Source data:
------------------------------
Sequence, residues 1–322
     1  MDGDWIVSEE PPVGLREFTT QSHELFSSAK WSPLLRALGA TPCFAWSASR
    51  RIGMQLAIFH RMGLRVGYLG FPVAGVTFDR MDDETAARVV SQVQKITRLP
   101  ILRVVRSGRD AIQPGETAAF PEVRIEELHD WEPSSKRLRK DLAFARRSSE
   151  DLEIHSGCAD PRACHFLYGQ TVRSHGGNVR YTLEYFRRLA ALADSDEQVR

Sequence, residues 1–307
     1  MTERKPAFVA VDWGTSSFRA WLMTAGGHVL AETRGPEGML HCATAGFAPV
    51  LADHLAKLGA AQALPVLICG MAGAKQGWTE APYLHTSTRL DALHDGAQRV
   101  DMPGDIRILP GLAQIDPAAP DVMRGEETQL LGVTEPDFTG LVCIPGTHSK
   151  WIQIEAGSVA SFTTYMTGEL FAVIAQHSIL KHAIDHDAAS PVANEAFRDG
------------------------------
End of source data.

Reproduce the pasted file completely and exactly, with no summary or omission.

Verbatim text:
Sequence, residues 1–322
     1  MDGDWIVSEE PPVGLREFTT QSHELFSSAK WSPLLRALGA TPCFAWSASR
    51  RIGMQLAIFH RMGLRVGYLG FPVAGVTFDR MDDETAARVV SQVQKITRLP
   101  ILRVVRSGRD AIQPGETAAF PEVRIEELHD WEPSSKRLRK DLAFARRSSE
   151  DLEIHSGCAD PRACHFLYGQ TVRSHGGNVR YTLEYFRRLA ALADSDEQVR

Sequence, residues 1–307
     1  MTERKPAFVA VDWGTSSFRA WLMTAGGHVL AETRGPEGML HCATAGFAPV
    51  LADHLAKLGA AQALPVLICG MAGAKQGWTE APYLHTSTRL DALHDGAQRV
   101  DMPGDIRILP GLAQIDPAAP DVMRGEETQL LGVTEPDFTG LVCIPGTHSK
   151  WIQIEAGSVA SFTTYMTGEL FAVIAQHSIL KHAIDHDAAS PVANEAFRDG